Thursday, April 25, 2013

The Membership Game

Yesterday I attended an event at the Hirshhorn organized by the Smithsonian Center for Learning and Digital Access, exploring the use of digital badges in museums. It was a great session, and you can watch a recording of the whole thing here

However, while I attended to hear about digital badging (since we're about to launch CFM's own digital badging prototype, with the help of our volunteer test pilots) what I want to share now is what Max Anderson had to say about DMA Friends, the Dallas Museum of Art's new membership program. 

You can read more about the DMA's membership experiment here. Basics are:
  • Admission is free
  • Basic membership level is free
  • Visitors are encouraged to sign up for a free membership, and provide contact info
  • Visitors can earn points, and badges, from various forms of engagements
  • Engagement can be tracked when visitors scan their membership card to check into various locations, including specific galleries
  • Points can be redeemed for a variety of things, right up to spending a night in the museum. 
The system premiered in January, so it's too soon to assess the impact on things like diversity of audience, long term engagement and the financial model. Anderson estimates they are signing up 80–90 new members a day, over 90% of whom were not already in their database. (About 9% are existing members trading their paid membership for a free membership.)

Some things that caught my interest:

About the points awarded for engagement:
  • The points DMA awards for participation truly are turning into an "alt currency" that has real world value. The higher level of DMA membership (Museum Partner) costs $100, but visitors can "earn" the membership with points rather than plonking down the cash. They also can redeem points for things like free admission to ticketed special exhibits and free parking. They have given away over 7.7 million points since they started.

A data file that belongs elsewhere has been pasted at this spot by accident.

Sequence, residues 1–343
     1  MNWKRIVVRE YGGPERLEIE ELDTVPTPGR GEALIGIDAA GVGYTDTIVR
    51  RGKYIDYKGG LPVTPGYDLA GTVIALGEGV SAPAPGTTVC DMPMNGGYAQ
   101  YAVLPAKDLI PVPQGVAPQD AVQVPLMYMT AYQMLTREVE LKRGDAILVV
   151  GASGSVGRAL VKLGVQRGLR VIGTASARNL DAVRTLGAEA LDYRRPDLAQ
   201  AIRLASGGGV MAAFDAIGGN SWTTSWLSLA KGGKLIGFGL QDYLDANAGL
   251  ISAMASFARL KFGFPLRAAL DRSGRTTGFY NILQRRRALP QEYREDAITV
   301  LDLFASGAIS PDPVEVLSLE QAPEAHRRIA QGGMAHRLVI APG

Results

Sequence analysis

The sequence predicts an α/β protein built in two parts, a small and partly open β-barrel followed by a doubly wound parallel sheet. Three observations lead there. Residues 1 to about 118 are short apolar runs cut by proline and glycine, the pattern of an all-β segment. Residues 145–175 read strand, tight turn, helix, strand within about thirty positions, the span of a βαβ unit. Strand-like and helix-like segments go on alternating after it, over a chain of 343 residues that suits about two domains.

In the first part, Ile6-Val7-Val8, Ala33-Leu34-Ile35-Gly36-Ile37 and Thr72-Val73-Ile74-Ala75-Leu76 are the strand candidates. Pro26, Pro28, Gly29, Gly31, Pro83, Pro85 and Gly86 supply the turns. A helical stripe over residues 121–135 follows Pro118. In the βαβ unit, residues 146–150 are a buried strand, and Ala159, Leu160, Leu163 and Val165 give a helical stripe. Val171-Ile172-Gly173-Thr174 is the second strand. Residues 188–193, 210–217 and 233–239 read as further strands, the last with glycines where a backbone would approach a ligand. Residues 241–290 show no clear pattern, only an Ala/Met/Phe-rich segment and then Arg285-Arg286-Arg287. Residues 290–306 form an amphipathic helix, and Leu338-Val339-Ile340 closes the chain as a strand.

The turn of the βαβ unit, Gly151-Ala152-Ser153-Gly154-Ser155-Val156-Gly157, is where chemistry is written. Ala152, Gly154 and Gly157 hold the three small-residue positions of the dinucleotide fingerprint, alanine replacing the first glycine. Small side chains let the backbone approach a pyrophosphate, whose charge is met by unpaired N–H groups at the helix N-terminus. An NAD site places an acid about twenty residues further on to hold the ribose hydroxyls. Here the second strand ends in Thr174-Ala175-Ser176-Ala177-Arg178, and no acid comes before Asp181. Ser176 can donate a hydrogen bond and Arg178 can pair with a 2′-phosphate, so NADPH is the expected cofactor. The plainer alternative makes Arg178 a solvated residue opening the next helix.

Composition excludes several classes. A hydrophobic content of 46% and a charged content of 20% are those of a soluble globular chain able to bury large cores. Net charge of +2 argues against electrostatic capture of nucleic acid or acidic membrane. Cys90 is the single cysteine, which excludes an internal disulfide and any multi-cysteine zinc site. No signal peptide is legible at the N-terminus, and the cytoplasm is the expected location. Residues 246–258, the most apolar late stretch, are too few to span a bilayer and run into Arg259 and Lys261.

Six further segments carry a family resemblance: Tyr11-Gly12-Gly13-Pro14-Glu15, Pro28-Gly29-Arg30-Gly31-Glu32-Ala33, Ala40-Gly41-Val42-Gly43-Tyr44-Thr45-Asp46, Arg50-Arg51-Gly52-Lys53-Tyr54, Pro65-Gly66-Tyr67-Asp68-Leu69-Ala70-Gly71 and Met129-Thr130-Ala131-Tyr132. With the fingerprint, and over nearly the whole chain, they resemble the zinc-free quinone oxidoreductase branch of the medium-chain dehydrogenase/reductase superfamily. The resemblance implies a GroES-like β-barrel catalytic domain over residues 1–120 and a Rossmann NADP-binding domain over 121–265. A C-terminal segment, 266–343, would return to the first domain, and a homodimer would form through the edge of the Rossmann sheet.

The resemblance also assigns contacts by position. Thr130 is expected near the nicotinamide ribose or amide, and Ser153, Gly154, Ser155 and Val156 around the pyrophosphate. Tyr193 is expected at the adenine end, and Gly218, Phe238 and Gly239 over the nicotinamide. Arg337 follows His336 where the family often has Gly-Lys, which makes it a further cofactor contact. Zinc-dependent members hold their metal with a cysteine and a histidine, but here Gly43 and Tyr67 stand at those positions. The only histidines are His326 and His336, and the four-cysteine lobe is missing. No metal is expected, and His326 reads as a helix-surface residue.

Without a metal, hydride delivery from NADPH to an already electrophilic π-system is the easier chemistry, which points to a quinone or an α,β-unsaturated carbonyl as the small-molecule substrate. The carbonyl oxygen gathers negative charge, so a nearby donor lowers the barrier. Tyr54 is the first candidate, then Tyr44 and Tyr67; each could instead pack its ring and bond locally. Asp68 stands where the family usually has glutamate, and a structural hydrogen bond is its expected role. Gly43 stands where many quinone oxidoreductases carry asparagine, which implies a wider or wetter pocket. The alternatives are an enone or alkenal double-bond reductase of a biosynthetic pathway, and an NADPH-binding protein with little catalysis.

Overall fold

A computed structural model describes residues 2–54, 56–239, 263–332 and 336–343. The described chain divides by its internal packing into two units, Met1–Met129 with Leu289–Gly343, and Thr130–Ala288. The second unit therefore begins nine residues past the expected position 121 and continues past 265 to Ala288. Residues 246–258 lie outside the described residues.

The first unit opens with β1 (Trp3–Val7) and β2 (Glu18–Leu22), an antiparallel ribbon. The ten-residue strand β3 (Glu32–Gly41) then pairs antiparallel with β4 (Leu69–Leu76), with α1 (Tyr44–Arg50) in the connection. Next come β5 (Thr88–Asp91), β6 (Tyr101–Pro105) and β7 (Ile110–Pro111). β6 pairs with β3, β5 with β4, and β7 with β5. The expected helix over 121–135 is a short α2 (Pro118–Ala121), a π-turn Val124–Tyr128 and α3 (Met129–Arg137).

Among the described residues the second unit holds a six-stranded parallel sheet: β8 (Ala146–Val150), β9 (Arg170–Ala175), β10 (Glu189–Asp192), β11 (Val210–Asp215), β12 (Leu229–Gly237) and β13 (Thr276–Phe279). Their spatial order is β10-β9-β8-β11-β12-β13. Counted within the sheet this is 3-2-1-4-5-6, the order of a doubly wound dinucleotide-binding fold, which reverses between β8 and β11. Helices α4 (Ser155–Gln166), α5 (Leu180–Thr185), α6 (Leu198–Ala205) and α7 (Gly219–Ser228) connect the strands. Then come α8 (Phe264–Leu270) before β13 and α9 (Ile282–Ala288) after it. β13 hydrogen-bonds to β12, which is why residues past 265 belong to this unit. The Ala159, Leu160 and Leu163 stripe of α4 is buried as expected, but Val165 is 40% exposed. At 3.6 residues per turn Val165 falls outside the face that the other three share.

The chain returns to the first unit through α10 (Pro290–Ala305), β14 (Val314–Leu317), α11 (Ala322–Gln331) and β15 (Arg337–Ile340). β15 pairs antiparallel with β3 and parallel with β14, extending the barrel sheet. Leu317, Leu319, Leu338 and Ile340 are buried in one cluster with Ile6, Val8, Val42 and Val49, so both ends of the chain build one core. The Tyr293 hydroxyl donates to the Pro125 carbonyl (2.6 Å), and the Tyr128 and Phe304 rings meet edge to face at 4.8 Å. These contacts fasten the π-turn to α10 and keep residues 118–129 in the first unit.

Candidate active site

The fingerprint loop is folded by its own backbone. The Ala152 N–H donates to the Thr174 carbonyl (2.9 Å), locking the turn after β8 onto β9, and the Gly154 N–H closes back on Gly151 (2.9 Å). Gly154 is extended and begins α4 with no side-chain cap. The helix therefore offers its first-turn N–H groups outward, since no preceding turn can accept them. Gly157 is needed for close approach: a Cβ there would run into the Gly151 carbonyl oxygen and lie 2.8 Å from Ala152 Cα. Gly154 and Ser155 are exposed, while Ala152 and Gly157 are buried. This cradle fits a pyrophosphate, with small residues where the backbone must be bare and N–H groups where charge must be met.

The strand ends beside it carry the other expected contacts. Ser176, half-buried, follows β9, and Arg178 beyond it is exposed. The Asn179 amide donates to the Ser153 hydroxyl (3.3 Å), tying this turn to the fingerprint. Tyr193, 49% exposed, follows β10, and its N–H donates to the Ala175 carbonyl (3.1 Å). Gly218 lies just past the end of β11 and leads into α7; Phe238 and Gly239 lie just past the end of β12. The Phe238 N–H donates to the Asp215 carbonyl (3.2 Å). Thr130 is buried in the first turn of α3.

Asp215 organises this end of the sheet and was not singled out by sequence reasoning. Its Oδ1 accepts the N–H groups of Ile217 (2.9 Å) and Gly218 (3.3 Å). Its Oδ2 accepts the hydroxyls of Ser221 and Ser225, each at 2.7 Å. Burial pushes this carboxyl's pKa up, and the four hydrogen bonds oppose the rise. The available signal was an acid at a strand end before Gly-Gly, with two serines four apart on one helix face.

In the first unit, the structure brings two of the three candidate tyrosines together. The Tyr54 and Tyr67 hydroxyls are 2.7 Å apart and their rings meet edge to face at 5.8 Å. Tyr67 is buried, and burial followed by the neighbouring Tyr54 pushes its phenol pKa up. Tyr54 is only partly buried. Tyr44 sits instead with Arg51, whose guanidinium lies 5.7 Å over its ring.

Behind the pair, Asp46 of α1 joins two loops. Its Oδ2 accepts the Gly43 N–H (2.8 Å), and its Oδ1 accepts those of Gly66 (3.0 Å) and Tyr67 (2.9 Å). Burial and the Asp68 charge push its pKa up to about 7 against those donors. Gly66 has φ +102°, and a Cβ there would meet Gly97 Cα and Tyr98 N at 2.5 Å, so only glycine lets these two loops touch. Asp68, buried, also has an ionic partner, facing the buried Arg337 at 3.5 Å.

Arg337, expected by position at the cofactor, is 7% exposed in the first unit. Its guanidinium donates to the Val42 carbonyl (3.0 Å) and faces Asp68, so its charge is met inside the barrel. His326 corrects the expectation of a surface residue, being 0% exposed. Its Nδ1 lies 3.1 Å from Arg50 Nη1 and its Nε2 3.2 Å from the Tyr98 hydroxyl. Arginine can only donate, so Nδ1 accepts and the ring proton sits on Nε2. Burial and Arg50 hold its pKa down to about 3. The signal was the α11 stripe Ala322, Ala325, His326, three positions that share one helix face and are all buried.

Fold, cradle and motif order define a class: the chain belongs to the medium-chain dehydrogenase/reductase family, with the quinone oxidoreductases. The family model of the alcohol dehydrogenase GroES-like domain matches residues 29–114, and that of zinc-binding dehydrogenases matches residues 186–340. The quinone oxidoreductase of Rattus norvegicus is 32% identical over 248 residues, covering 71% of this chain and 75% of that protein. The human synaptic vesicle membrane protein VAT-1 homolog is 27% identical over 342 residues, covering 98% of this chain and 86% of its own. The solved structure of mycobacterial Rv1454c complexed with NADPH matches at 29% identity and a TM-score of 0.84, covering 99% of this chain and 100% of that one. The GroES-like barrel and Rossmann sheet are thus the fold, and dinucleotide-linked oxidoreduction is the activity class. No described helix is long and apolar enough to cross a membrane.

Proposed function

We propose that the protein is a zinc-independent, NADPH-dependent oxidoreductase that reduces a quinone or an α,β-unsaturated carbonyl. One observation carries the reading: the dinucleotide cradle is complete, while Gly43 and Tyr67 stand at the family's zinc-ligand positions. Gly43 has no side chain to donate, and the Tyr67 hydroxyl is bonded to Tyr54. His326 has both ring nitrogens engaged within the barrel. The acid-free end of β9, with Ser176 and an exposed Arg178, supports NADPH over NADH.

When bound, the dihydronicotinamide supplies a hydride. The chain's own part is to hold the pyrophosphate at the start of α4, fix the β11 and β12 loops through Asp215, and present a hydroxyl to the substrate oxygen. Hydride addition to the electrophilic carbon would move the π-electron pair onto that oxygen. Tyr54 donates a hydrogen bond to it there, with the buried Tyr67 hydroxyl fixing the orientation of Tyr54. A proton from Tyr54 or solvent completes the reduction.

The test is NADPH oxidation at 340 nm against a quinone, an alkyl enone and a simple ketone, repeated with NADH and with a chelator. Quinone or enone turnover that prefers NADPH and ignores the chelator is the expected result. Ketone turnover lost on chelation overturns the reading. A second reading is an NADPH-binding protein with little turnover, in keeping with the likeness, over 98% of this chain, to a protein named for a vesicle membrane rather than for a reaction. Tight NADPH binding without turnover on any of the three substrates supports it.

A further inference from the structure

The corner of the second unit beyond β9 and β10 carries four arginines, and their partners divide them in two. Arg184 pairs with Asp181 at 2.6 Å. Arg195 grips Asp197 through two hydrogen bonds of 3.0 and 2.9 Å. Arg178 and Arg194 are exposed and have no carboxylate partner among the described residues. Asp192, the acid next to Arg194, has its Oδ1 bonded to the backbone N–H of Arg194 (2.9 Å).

• These points have their own, unique value—Anderson noted "even wealthy people want points!"
  • Anderson proposed that in the future, these points might become a shared currency between museums that opt into a kind of currency exchange: I could redeem my points earned at the DMA, for example, for perks offered by the Cleveland Museum of Art. Could this be the museum equivalent of Bitcoins? (Hopefully without the crash.)

  • This system facilitates targeted communications: for example, emailing people who have amassed enough points for free admission to a special exhibit, to remind them of the opportunity and invite them to come. 

  • It provides opportunities for spontaneous and personalized feedback. Staff, for example, can award a visitor with points for asking a great question.
About the data the museum collects on its members:
  • DMA uses a zip code search to track where people are from, and cross-references that with the Census data to get a demographic snapshot. This data can tell them not only who is (and isn't) attending, but when, and what parts of the museum they are visiting. True, many museum have long collected this kind of data, but DMA's membership structure is designed specifically to capture as many people, and as much data, as possible, and mine that for all it is worth.

  • Real time data from the swipe cards facilitates improvisation. For example, if staff notice that a critical mass of people have swiped into a given gallery, they can send a text message offering a guided tour. (Contrast this with the pre-scheduled "There will be a gallery talk at 2 p.m." dang-I-missed-it experience.

  • Points, and how they are redeemed, gives the museum real and immediate feedback on what people would like to receive points for—what motivates them?
About the financial model underlying the experiment:
  • DMA has decided to value participation first, and trust that cash will come along with that

  • Behind that general optimism, however, lies the shrewd observation that "the true currency of participation does not cost that much to offer." In other words, much of what a museum friend earns with points costs the museum nothing (extra) to provide

  • And often people who redeem the points for things like free admission to special exhibits bring along (paying) guests

  • In any case, the museum had already figured out that any membership that cost less than $100 was a net loss, since it cost more to support than it brought in

  • This system of data collection enables them to compile a detailed and compelling story to tell funders about who the DMA is serving, how they engage with the museum and what they learn

My big three take-aways:

  • It's all about the data—data will, in one way or another, prove to be the most valuable thing you can ask for as an entry level of engagement—more valuable than cash for a ticket or a basic membership fee

  • It's about building a business model based on the long-term payoff of relationships, rather than immediate exchanges of money for goods or services
It's clear that DMA sees this experiment as a great leap forward in creating a more egalitarian, accessible museum. Maybe from this video they created (parodying Downton Abby) you can deduce how they assume people used to see them, and what this "class revolution" may achieve. 


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